Ukraine Crisis: the folly of false historical analogies

The ceasefire in Ukraine seems to be sort of holding. No one, however, seems terribly optimistic that peace is going to come. Certainly there is no sign of the displaced refugees returning home.

The conflict has repeatedly been portrayed as a binary good vs. bad situation analogous to the most simplistic of cowboy films by the West with the only dissent tending to be from the usual suspects (such as John Pilger here – that said good to see the Belfast Telegraph having something better than its current sub Daily Mail stuff complete with side bar of shame girly pictures) who tend to manipulate the facts almost as much as those whom they castigate. In Russia on the other hand the situation is exactly the same though with the goodies and baddies being reversed.

Ukraine has been contested over the centuries but eventually became part of the Russian empire. There was an attempt at independence after the fall of the Tsars in 1917 but the Soviet Union rapidly regained its dominance. Stalin proceeded to collectivisation of the farms which produced a devastating famine in a region which is amongst the worlds most agriculturally productive. It now seems clear that the famine was a deliberate act and millions died.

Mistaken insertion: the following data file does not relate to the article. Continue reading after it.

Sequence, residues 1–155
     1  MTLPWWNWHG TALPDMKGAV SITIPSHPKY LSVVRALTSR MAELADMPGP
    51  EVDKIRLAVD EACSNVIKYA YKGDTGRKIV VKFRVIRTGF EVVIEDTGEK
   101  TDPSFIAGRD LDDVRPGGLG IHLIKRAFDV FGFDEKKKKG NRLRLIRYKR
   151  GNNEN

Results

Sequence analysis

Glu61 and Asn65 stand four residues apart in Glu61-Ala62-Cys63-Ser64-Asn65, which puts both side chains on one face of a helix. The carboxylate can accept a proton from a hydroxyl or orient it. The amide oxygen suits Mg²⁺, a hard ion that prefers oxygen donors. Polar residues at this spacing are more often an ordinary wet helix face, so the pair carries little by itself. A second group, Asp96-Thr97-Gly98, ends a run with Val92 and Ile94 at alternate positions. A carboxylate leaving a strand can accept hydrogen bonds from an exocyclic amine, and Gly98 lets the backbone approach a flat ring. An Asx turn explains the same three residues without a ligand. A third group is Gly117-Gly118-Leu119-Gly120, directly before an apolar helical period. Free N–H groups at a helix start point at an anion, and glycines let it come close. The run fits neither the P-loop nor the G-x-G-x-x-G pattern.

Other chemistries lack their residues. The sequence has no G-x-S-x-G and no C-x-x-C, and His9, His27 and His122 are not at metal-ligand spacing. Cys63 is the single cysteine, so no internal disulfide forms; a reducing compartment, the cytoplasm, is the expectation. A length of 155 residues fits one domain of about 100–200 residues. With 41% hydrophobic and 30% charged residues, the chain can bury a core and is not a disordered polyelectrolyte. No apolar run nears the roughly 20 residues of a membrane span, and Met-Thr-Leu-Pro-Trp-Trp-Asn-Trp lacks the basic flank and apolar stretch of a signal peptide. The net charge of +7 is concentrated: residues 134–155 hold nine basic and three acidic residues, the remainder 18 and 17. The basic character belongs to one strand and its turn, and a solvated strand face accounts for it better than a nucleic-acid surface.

This devastating famine helped result in popular support from many Ukrainians when the Third Reich invaded in 1941: there are pictures of German soldiers being greeted by women with flowers. Unfortunately for the Ukrainians the master race saw them as sub human Slavs and proceeded to treat them appallingly. Although some Ukrainians supported the Nazis the lot of most people was dire. Resistance movements both aligned with and opposed to the Soviet Union arose along with those who supported the Nazis and those who simply tried to survive. 7 million Ukrainians died during the war.

The relentless return of the Red Army brought liberation for some, murder and exile for others, no doubt some more deservingly than others. The resistance to Moscow rule continued sporadically and largely ineffectually until the early 1950s. The general relaxing of Soviet rule under Nikita Khrushchev (though he had implemented Stalin’s purges in Ukraine) did result in peace. However, unseen by most in the west was the fact that parts of Ukraine were far from happy with rule from Moscow. The borders of Russia and Ukraine were arbitrary and then largely irrelevant: they were effectively one country; Khrushchev gave Crimea from Russia to Ukraine. Furthermore people clearly mingle and without a specific defining ethnic difference whether perceived or real many people will no doubt have been disinterested in the specifics of their nationality.

The events since the breakup of the Soviet Union, whilst until recently less deadly, have been just as duplicitous as those of the Second World War. The newly independent state of Ukraine had a vast nuclear arsenal. In return for voluntarily giving up its nuclear weapons (one of the few – arguably the only country to have done so) Ukraine’s territorial borders were guaranteed by Russia and NATO though Russia was allowed to station its powerful Black Sea Fleet at Sevastopol. In addition it was agreed that NATO would not seek to expand its membership into the former Warsaw Pact countries.